Carrington Research Extension Center


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Yield Response of Corn to N Under Dryland and Irrigated Conditions at Oakes, ND



  • Two nitrogen (N) studies were established to assess the effect of N rates on corn yields under dryland and irrigated conditions at Oakes in 2019.
  • N Treatments were: 0, 40, 80, 120, 160, 200 lbs applied as urea, on the soil surface, before strip-tiling corn.
  • Previous crop was soybeans. Variety was: REA 4B953-RIB.
  • Soil N and SOM before fertilizer application were 24 lbs N and 4.1%, respectively at the dryland site.
  • The soil N and SOM content at the irrigated site were 38 lbs and 2.5%, respectively.
  • Dryland corn was seeded on May 16th and harvested on December 2nd.
  • Irrigated corn was seeded on May 17th and harvested on November 26th.


  • Yields were greater at the irrigated site than at the dryland site (Figure 1).

  • At the dryland site, yields ranged from 126 bushels without N applied to 195 bushels at 120 or 160 lbs N, for an average yield of 172 bu/ac.
  • Under irrigation, yields ranged from 131 bushels, without N applied, to 271 bushels at 200 lbs N, for an average yield of 238 bu/ac.
  • Under dryland conditions, a comparison between average yields (Table 1) showed that the yields produced from 80 lbs N were not different from the yields produced at higher N rates, but was significantly greater than yields at 40 lbs N or without applied N.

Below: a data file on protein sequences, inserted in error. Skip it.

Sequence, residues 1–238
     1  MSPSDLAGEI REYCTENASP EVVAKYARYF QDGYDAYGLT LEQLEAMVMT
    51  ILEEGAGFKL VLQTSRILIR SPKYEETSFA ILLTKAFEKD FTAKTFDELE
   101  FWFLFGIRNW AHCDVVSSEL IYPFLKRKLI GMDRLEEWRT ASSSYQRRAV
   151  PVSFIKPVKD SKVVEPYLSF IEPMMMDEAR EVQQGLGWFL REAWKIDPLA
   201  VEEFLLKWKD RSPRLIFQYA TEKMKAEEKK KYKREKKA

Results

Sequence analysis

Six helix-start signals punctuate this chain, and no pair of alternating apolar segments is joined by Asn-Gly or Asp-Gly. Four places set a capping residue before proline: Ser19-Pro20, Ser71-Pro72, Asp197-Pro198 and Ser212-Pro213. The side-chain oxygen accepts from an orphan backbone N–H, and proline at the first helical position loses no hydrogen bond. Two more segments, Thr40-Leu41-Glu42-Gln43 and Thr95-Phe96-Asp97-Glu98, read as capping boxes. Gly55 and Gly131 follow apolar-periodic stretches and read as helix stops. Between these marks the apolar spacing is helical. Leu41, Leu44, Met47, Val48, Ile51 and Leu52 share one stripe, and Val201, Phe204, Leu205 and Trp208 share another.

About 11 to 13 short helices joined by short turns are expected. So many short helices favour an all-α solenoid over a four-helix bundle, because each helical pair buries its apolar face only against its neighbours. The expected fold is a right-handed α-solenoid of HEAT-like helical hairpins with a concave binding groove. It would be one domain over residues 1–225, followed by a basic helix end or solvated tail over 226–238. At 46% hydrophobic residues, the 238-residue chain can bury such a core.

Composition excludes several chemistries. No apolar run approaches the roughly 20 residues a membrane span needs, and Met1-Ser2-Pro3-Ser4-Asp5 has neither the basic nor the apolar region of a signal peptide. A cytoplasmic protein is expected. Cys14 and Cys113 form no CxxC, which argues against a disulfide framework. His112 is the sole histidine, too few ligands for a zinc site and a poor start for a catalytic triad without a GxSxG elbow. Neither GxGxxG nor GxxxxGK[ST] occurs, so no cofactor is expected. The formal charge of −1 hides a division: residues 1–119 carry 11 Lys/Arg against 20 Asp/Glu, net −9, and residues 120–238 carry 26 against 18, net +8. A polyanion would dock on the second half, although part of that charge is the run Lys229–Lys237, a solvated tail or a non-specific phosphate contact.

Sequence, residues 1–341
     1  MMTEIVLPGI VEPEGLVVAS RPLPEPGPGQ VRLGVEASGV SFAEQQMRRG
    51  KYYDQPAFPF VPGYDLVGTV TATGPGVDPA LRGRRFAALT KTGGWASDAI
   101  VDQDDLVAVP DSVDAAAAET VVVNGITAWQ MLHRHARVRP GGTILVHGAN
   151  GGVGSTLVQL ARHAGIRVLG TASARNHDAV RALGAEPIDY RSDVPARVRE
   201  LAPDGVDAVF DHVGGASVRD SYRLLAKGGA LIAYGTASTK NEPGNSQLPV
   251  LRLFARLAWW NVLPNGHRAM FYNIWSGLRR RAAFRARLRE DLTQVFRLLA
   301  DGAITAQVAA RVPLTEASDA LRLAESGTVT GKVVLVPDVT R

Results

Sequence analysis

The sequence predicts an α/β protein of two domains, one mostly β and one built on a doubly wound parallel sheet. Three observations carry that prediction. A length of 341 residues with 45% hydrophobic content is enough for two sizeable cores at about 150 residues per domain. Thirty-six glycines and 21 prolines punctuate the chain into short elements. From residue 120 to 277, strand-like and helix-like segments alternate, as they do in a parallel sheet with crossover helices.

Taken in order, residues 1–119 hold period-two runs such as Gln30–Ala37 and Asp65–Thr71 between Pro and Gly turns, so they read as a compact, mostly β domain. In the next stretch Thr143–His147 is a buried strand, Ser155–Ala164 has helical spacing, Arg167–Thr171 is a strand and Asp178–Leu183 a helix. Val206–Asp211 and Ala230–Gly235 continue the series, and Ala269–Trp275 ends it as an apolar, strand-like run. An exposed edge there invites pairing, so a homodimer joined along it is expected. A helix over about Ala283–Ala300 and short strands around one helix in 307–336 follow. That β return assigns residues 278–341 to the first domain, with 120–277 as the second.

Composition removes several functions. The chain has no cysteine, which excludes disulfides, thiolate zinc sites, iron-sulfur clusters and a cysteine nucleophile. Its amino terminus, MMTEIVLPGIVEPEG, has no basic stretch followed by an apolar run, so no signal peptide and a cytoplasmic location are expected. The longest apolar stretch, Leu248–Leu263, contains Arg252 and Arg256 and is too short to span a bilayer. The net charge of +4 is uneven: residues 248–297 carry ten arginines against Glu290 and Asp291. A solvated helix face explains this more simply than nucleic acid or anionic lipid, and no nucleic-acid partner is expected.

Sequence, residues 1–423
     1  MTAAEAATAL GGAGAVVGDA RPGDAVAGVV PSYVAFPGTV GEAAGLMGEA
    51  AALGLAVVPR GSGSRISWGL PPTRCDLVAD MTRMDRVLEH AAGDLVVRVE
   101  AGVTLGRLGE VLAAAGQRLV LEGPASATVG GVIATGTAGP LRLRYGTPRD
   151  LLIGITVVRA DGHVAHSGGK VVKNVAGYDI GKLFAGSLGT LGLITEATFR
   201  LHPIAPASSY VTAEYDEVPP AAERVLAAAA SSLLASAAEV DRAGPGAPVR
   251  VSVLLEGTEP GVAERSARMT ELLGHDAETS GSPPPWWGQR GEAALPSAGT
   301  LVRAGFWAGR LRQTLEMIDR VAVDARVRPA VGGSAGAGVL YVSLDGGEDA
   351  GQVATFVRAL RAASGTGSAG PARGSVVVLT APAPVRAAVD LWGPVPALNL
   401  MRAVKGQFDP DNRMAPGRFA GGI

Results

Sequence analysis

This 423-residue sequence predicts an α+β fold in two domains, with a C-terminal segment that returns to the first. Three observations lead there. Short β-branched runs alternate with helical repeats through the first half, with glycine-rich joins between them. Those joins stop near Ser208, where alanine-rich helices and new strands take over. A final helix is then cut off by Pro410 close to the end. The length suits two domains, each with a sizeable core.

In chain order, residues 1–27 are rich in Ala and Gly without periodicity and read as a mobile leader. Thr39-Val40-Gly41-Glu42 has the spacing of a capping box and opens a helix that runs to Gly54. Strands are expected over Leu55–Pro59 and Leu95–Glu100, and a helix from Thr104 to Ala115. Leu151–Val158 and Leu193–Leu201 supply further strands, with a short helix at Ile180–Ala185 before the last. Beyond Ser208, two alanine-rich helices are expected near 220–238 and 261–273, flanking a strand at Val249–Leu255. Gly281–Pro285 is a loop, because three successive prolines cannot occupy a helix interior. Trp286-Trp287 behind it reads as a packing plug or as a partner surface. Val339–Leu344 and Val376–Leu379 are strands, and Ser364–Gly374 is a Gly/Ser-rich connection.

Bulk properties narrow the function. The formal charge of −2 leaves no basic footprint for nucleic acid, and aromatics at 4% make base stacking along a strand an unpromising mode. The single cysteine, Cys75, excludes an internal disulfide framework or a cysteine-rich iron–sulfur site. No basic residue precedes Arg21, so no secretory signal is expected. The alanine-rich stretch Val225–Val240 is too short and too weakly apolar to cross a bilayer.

• Under irrigation, the average yield at 40 lbs N was not different from yields at higher N rates, but was not also different from the 0 lbs N.
  • Based on the graphs, the 142 lbs N was estimated to produce maximize yield of 179 bushels under dryland. Under irrigation, estimated maximum yield was 256 bushels, if 165 lbs of N was applied.
  • However, these estimated N fertilizer rates were not economic N rates to maximize yields. Nitrogen contribution from soil and N credit from soybeans likely contributed the high yields at lower N rates.


  • Even though N fertilization improved yields significantly, N in soil before fertilization (38 lbs under irrigation, and 24 lbs under dryland) and N from soybean credit (about 40 lbs N), no more than 80 lbs N was necessary because of N contribution from soil and soybean credit.
  • Like for any fertilizer input, improved yields do not always translate to economic gains.
  • Therefore, farmers are always encouraged to make their fertilizer decisions not based solely on yield increases from fertilizer application, but very importantly, should consider the net returns considering cost of additional input beyond recommended rates.  

Acknowledgement: Thank you to the North Dakota Corn Council for funding this research.

Jasper M Teboh, Ph. D.
Research Soil Scientist

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